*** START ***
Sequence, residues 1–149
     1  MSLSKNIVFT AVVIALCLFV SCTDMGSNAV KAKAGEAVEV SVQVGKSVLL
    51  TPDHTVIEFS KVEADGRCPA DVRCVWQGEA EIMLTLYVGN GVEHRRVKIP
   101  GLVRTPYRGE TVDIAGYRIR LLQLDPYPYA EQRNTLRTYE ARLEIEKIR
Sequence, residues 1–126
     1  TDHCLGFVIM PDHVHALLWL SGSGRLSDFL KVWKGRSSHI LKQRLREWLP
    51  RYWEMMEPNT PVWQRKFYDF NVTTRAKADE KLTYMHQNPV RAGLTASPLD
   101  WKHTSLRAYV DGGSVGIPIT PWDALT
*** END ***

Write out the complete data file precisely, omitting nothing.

Sequence, residues 1–149
     1  MSLSKNIVFT AVVIALCLFV SCTDMGSNAV KAKAGEAVEV SVQVGKSVLL
    51  TPDHTVIEFS KVEADGRCPA DVRCVWQGEA EIMLTLYVGN GVEHRRVKIP
   101  GLVRTPYRGE TVDIAGYRIR LLQLDPYPYA EQRNTLRTYE ARLEIEKIR
Sequence, residues 1–126
     1  TDHCLGFVIM PDHVHALLWL SGSGRLSDFL KVWKGRSSHI LKQRLREWLP
    51  RYWEMMEPNT PVWQRKFYDF NVTTRAKADE KLTYMHQNPV RAGLTASPLD
   101  WKHTSLRAYV DGGSVGIPIT PWDALT